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Saffron surge in Congress citadels - The Observer

Suresh Kumar Unnithan ()
20 February 1997

Title : Saffron surge in Congress citadels
Author : Suresh Kumar Unnithan
Publication : The Observer
Date : February 20, 1997

If the outcome of the just concluded Punjab polls and by-elections
is any indication, the present political equations in the country
are going to be rewritten.

In Punjab, the spectacular performance of the SAD-BJP proves beyond
doubt that the Hindus have deserted the Congress.

A post-poll analysis shows that Hindu-dominated seats went in
favour of BJP, not to the Congress.

Some political pundits attribute the BJP victory to a sudden
negative swing against the Congress due to the corruption cases
against its leaders including Mr P V Narasimha Rao and factional
feud within the party.

But there is something more to it than that.

True, Kamal Nath might have lost to Patwa due to his tainted image,
for, he has got the distinction of being fined by the Supreme Court
for misusing his ministerial powers to further his business
interests.

And he was under the illusion that voters in his pocket-borough
would disregard his misdemeanours and once again reaffirm their
faith in the party they have supported without break since 1952.

These by-poll results prove that the voters cannot be taken for
granted, and they are capable of distinguishing between the right
and wrong.

The average voter is aware of the image of the Congress that it is
an organisation that takes recourse to untruths and actively
promotes duplicity in public life.

This 'image problem' cost the party dearly in 1977, 89 and 96.

And there is no evidence that the party has learned anything from
these losses.

It was natural, therefore, that the electorate opted for an
alternative.

And that is how the saffron splash is witnessed.

However, it is not correct to attribute the BJP upsurge to a
'chance'.

A post general election analysis done in 1996 had made it clear
that the BJP was the only party which gained a positive swing,
peaking in 1991 with 8.6 plus.

In the 1996 elections there was a swing of about 3.5 in favour of
the party and its allies which fetched them 195 seats - 71 more
than the previous polls and the Congress to be the biggest loser
dropping 92 seats to finish with 140.

As far as the Congress is concerned its share of votes dropped from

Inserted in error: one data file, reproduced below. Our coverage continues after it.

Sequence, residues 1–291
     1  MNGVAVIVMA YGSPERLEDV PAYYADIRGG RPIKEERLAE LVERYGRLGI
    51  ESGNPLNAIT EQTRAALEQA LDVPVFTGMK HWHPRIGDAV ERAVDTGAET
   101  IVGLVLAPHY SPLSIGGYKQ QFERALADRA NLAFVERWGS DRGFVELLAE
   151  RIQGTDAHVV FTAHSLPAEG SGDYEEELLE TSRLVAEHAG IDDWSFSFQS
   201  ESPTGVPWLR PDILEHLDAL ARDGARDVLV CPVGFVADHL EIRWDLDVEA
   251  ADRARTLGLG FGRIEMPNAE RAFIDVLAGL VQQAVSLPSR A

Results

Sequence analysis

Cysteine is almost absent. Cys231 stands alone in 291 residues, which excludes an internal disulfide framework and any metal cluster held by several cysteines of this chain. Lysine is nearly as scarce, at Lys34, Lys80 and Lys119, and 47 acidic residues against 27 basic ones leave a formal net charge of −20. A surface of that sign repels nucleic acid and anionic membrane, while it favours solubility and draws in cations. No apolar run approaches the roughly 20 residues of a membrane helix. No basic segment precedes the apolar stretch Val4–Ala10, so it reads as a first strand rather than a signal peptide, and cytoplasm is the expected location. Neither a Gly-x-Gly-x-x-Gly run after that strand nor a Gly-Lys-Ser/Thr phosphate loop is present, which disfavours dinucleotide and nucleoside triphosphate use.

36.5 per cent in 1991 to 28.7 per cent in 1996 - a loss of about 7.
7 per cent.

In fact in 1996, the BJP wag the single largest gainer, wresting as
many as 71 seats from the Congress.

The party polled about 20.31 per cent vote, just 8.45 short of the
Congress - its nearest rival.

So the by-poll and Punjab victory are neither accidental nor
incidental.

The party has been, for all these years, steadily growing and
getting ready to replace the Congress.

But the BJP is still not well accepted by the minorities.

This keeps it one step away from capturing power at the Centre.

More than that the recent happenings in Gujarat and Rajasthan -
leave alone the Sikkandar Bhakt incident in May last year have
brought to the fore the fact that all is not that well with the
BJP.

The party, supposed to be the most disciplined, is now a victim of
dissidence.

The BJP leadership may say that the organisation could not cope
with the sudden growth of the party and hence the problem. But the
reality, according to the political observers, is something
different.

The opponents of BJP are getting united day by day in the names of
'secularism' and 'mandal'. The party knows well that one factor
that prevented it from acquiring absolute majority in the Lok Sabha
is mandal or social justice front which brought together the OBCs,
muslims and, to a lesser extent, dalits.

But the 'allies' of BJP have not done any good to their common
cause either. For example, the party is not sure how far its
alliance with Shiv Sena in Maharashtra will be beneficial to it
politically.

The BJP, like the Congress, started giving more weightage to power
politics, and this allowed it to go for more compromises, even at
the expense of ideological integrity.

In the bargain, the party could get power, but it had to sacrifice
its compactness.

So, the same cancer dissidence and hunger for power - that wrecked
the once omnipotent Congress party may subvert the BJP too. In
short, if the party permits complacency to rule the roost then it
would not take much time for the cancer to take its course.



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